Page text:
Brown fights for tax cut

Democratic U.S. Sen. Sherrod Brown is clear on the first step to avoiding the fiscal cliff — extend tax cuts for the middle class which would help nearly all Ohio taxpayers.

On Wednesday, Brown called on House Speaker John Boehner to schedule a vote as soon as possible on the Middle Class Tax Cut Act — legislation which already passed the Senate in a bipartisan vote in July and that would extend middle class tax cuts for the 99 percent of Ohio families making less than $250,000 per year.

The legislation also extends other tax provisions critical to the middle class — the American Opportunity Tax Credit, the expanded Child Tax Credit and Earned Income Tax Credit — that help families afford college, cover their bills and provide for

their children.

“You don’t fix fiscal problems on the back of seniors, you don’t fix fiscal problems on the back of working families and we have to keep a focus on jobs,” Brown said as the fiscal cliff would increase taxes on all Americans and make cuts to programs across the board, which starts Jan. 1. “When it comes balancing the budget, I have been there and I have co-sponsored three balanced budget amendments while serving in the House.”

In an earlier story, Republican U.S. Sen. Rob Portman said he opposes raising taxes, but he does not want to raise them on any Americans since maintaining lower income taxes would likely create more jobs and spur the economy.

He said he wants to avoid the fiscal cliff and would like to do so by passing a temporary spending bill and then reform the tax code, regulations and entitlement programs.

During Wednesday’s media teleconference, Brown cited the income tax rates on the wealthiest Americans were higher under President Bill Clinton, which is when the economy was bullish and the United States used the money to pay off its debt and created a surplus. This disappeared under President George Bush.

The tax cut bill supported by Brown would cut the deficit by more than $800 billion by requiring millionaires and billionaires to contribute a fair share.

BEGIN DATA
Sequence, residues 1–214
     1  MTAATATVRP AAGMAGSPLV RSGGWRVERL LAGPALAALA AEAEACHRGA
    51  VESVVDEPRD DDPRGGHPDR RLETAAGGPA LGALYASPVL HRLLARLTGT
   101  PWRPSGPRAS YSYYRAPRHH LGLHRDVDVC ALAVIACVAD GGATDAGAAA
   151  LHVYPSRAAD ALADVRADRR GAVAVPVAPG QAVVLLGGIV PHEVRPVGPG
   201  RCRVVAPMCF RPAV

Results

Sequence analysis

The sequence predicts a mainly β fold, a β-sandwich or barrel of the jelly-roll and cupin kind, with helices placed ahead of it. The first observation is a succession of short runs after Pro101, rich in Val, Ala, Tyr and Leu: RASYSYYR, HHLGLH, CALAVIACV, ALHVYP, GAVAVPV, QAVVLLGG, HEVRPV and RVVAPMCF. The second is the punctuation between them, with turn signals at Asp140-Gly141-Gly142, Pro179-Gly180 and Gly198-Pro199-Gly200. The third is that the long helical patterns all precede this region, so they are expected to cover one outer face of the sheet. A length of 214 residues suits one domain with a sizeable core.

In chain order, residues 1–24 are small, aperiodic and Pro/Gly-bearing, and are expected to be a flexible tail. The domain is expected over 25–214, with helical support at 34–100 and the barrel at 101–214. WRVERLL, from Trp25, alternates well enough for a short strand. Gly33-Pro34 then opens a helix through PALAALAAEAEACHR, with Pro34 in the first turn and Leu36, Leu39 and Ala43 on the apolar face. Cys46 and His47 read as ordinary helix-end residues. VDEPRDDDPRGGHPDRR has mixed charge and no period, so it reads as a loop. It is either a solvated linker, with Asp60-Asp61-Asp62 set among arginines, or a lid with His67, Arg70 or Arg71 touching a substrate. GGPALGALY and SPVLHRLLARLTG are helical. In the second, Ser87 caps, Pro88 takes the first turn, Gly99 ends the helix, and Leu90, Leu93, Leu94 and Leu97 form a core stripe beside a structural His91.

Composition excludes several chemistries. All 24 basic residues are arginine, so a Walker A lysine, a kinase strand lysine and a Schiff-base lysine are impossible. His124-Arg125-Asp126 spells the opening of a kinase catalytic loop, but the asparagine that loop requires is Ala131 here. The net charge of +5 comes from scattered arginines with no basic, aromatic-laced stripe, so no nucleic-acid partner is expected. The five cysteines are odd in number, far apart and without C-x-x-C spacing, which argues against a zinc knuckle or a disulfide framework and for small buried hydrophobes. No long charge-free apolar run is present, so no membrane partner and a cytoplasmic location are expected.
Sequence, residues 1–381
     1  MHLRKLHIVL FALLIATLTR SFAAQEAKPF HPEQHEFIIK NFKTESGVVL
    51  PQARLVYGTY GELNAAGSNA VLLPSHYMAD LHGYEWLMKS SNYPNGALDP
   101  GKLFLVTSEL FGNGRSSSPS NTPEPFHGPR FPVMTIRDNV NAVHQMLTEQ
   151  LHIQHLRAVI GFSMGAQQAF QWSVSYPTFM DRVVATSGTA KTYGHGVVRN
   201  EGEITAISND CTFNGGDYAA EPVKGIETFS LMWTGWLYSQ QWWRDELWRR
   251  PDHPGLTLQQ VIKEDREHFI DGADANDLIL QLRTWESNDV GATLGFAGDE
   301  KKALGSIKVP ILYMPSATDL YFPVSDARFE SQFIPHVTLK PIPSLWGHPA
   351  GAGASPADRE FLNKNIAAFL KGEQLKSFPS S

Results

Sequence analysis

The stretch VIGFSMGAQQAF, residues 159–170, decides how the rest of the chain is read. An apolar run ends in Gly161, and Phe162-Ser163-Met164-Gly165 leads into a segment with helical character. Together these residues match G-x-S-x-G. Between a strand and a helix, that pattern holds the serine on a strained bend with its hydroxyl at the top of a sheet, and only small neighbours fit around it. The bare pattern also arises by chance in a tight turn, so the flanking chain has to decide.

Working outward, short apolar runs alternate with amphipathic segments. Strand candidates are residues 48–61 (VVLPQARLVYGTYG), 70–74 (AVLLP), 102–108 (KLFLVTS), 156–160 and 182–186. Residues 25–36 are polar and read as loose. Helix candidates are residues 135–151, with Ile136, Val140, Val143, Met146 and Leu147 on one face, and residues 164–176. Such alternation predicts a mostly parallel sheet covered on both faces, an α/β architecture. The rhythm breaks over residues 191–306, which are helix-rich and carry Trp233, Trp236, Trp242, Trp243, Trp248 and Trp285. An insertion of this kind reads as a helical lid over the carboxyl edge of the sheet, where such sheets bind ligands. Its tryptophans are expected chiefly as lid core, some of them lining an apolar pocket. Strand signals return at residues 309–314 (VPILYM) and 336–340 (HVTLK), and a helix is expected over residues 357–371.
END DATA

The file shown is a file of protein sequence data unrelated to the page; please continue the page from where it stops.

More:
“I find it unconscionable the leader of the House is threatening to raise taxes on 98 percent of Americans unless House Republicans get for the wealthiest Americans tax cuts we couldn’t afford in the first place back in 2001 and 2003,” Brown said. “Much of our budget problems date from those two tax cuts in 2001 and 2003, and it is unacceptable that inaction here would force median-income Ohio family to have their taxes increase by $2,200 by the end of next year.”

If Congress fails to act, Brown noted middle class Americans will likely be forced to cut their spending in other areas which will reduce the United States’ gross domestic product (GDP) by 1 1/2 points.

“It’s critical that we prevent the economy from falling back into a recession,” Brown said. “By extending tax cuts for all but the top 1 percent of Ohioans, we will ask the wealthiest to pay their fair share while still investing in critical federal efforts that create jobs and promote economic development. After all, the budget deficit is also a jobs challenge — there are millions of unemployed Americans who would rather be paying taxes than collecting unemployment insurance.”

He said the bill would ask the 1 or 2 percent of Americans who make in excess of $250,000 to pay an amount that they paid in taxes during the Clinton years. Today, the wealthiest Americans pay income tax at a 35 percent rate compared to 39.6 percent they paid during the Clinton terms.

Brown explained they would still realize a tax cut on the first $250,000, and they would only pay a higher rate on the amount that exceeds that amount.

The Congressman blamed the current federal fiscal problem on the Bush tax cuts, which cost the federal budget $6.3 trillion in lost revenues because they were not offset by any new form of revenue. He also blamed the $16 trillon debt on  two wars, which there was no plans developed on how to pay for them. He also said there was a giveaway to drug companies.

“We must pursue a balanced approach to reduce our deficit that builds on the $1.5 trillion in spending cuts over the next 10 years that we’ve already made in one bill alone,” Brown said. “Most Ohioans believe that we should reduce the deficit by asking the wealthiest Americans to pay the same tax rates they did during the Clinton years, when we added 21 million jobs.

“The House of Representatives should vote on the Senate-passed bill that would prevent taxes from increasing for 99 percent of Ohioans,” he said. “It’s time for Speaker Boehner to stop holding hostage tax cuts for 99 percent of Ohioans.”